I was writing about the books I received in the last couple of days. The fourth one I got Saturday (May 28,2011) happened to be one of those I had mentioned in: https://vahshatedil.wordpress.com/2011/05/26/a-sudden-craving/ – an account of the Pacific world, leading up to Dec 8, 1941 (Well, if you still don’t know what the date signifies, you’ll learn now)
Pearl Harbor: A Novel of December 8th by Newt Gingrich & William R. Forstchen
Fresh from their series on the American Civil War, bestselling authors Newt Gingrich and William R. Forstchen apply theur imaginations, knowledge, and acclaimed “active history” approach to launch a bold new epic adventure about the “Day of Infamy”.
This powerful saga covers the heroic highs and horrifying lows of America’s darkest day – from the White House to the Wheeler Army Air Field, from top-brass military officers, national leaders, and admirals to the ordinary citizens caught in the chaos of war. Compelling and meticulously researched, the novel of valor stretches from the chambers of the Emperor of Japan all the way back to the lonely office of Commander James Watson, an American cryptographer who suspects the impending catastrophic attack. A story of intrigue, double-dealing, the brutality of war, and the desperate efforts by men of reason on both sides to prevent a titanic struggle that becomes inevitable, Pearl Harbor inaugurates the dramatic new Pacific War series – one that entertains as well as informs – from two masters of the genre.
Well, that is the blurb.
The next is a different subject altogether….
Do You Think You’re Clever?: The Oxford and Cambridge Questions by John Farndon
A wonderful collection of oddly brilliant questions and answers taken from the infamously challenging Oxbridge interviews.’What happens if I drop an ant?’ ‘What books are bad for you?’ ‘What percentage of the world’s water icontained in a cow?’The Oxbridge undergraduate interviews are infamous for their unique ways of assessing candidates,and from these peculiar enquiries, professors can tell just how smart you really are. Cambridge-educated John Farndon has collected together 75 of the most intriguing questions taken from actual admission interviews and gives full answers to each, taking the reader through the fascinating histories, philosophies, sciences and arts that underlie each problem. Oxford graduate Libby Purves lends her own thoughts and reflections on what it’s like to have your mind stretched in unusual ways in a thorough introduction. This is a book for everyone who likes to think they’re clever, or who thinks they’d like to be clever. And cleverness is not just knowing stuff, it’s how laterally,deeply and interestingly you can bend your brain. Guesstimating the population of Croydon, for example, opens a chain of thought from which you can predict the strength of a nuclear bomb … and that’s just the start of it.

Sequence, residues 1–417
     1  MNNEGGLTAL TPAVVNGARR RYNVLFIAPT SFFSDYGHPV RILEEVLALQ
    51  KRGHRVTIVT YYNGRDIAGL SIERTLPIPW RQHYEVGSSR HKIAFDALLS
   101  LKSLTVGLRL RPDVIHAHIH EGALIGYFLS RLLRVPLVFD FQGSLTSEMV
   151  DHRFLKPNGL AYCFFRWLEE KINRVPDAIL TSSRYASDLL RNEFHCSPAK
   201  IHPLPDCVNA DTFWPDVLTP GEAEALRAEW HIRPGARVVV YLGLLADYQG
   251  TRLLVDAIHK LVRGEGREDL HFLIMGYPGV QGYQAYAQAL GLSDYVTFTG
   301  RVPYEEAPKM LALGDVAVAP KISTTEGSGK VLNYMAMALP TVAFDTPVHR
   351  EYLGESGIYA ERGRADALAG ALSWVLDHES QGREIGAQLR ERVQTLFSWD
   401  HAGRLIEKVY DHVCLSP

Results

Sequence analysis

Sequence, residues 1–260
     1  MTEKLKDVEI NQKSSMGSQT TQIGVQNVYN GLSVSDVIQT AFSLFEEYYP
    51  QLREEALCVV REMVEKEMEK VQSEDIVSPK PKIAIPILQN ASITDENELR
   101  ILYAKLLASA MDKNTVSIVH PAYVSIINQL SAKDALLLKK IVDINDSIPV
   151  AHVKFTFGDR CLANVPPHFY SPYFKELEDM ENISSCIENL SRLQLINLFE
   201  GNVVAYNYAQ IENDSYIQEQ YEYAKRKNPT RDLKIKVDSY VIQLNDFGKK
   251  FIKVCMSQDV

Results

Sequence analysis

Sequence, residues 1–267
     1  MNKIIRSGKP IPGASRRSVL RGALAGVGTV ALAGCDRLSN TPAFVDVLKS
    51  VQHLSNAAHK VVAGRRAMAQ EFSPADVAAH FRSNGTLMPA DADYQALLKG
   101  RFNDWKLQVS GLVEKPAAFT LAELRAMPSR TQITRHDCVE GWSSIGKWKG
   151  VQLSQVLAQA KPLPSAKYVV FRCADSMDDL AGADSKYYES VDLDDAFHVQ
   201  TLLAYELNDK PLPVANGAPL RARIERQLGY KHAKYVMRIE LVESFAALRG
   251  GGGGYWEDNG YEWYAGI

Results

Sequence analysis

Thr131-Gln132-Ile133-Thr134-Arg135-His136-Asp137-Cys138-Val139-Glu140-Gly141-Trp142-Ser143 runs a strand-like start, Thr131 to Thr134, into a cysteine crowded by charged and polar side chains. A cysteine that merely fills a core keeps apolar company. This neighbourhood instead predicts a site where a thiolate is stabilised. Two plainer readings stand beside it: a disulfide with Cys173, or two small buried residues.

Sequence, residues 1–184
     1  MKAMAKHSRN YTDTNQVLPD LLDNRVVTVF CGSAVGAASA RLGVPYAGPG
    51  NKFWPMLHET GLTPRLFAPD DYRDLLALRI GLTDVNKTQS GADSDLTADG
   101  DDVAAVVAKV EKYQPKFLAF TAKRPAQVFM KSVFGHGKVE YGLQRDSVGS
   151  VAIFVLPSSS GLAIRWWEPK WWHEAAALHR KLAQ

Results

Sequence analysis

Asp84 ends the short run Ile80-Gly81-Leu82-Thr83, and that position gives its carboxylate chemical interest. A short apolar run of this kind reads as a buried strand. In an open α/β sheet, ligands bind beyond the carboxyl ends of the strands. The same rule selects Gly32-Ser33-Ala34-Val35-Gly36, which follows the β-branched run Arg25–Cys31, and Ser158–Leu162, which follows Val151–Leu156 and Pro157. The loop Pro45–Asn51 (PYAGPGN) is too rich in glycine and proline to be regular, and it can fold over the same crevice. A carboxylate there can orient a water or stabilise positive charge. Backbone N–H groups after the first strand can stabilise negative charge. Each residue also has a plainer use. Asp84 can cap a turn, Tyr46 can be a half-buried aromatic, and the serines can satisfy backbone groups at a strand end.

Field Grey by Philip Kerr
‘A man doesn’t work for his enemies unless he has little choice in the matter.’
So says Bernie Gunther. It is 1954 and Bernie is in Cuba. Tiring of his increasingly dangerous work spying on Meyer Lansky, Bernie acquires a boat and a beautiful companion and quits the island. But the US Navy has other ideas, and soon he finds himself in a place with which he is all too familiar – a prison cell. After exhaustive questioning, he is flown back to Berlin and yet another prison cell with a proposition: work for French intelligence or hang for murder.
The job is simple: he is to meet and greet POWs returning to Germany and to look out for one in particular, a French war criminal and member of the French SS who has been posing as a German Wehrmacht officer. The French are anxious to catch up with this man and deal with him in their own ruthless way. But Bernie’s past as a German POW in Russia is about to catch up with him – in a way he could never have foreseen.
Bernie Gunther’s seventh outing delivers more of the fast-paced and quick-witted action that we have come to expect from Philip Kerr. Set in Cuba, a Soviet POW camp, Paris and Berlin, and ranging over a period of twenty years from the Thirties to the Fifties, Field Grey is an outstanding thriller by a writer at the top of his game.
I had the chance to read Kerr’s If The Dead Rise Not, which is set just before the Berlin prior to the 1936 Olympics and then in Cuba where Gunther is coerced into spying on Lansky, which was where the novel ended. I did crave the chance to know what happens next….. and it seems the gods have heard….